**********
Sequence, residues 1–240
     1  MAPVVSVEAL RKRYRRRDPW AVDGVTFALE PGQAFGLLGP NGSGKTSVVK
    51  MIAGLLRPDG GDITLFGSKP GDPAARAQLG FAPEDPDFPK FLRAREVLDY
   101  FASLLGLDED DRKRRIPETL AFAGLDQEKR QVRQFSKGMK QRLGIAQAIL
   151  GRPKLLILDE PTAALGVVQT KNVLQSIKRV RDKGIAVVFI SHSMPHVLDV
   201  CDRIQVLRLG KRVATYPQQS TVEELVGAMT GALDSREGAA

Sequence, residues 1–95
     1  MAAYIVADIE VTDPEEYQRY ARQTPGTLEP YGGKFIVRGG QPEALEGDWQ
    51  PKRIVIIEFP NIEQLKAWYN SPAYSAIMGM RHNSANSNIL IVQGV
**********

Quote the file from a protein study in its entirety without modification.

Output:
Sequence, residues 1–240
     1  MAPVVSVEAL RKRYRRRDPW AVDGVTFALE PGQAFGLLGP NGSGKTSVVK
    51  MIAGLLRPDG GDITLFGSKP GDPAARAQLG FAPEDPDFPK FLRAREVLDY
   101  FASLLGLDED DRKRRIPETL AFAGLDQEKR QVRQFSKGMK QRLGIAQAIL
   151  GRPKLLILDE PTAALGVVQT KNVLQSIKRV RDKGIAVVFI SHSMPHVLDV
   201  CDRIQVLRLG KRVATYPQQS TVEELVGAMT GALDSREGAA

Sequence, residues 1–95
     1  MAAYIVADIE VTDPEEYQRY ARQTPGTLEP YGGKFIVRGG QPEALEGDWQ
    51  PKRIVIIEFP NIEQLKAWYN SPAYSAIMGM RHNSANSNIL IVQGV